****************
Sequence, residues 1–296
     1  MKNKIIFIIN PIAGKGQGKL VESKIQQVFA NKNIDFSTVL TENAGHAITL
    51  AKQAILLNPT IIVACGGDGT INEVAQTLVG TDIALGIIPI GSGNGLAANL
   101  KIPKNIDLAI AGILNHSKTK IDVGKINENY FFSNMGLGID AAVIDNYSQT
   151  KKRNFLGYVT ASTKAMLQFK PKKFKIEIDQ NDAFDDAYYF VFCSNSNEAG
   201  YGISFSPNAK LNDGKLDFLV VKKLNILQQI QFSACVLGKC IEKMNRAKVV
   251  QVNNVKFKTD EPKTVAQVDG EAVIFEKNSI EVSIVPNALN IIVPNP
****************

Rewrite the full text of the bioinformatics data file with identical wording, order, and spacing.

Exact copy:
Sequence, residues 1–296
     1  MKNKIIFIIN PIAGKGQGKL VESKIQQVFA NKNIDFSTVL TENAGHAITL
    51  AKQAILLNPT IIVACGGDGT INEVAQTLVG TDIALGIIPI GSGNGLAANL
   101  KIPKNIDLAI AGILNHSKTK IDVGKINENY FFSNMGLGID AAVIDNYSQT
   151  KKRNFLGYVT ASTKAMLQFK PKKFKIEIDQ NDAFDDAYYF VFCSNSNEAG
   201  YGISFSPNAK LNDGKLDFLV VKKLNILQQI QFSACVLGKC IEKMNRAKVV
   251  QVNNVKFKTD EPKTVAQVDG EAVIFEKNSI EVSIVPNALN IIVPNP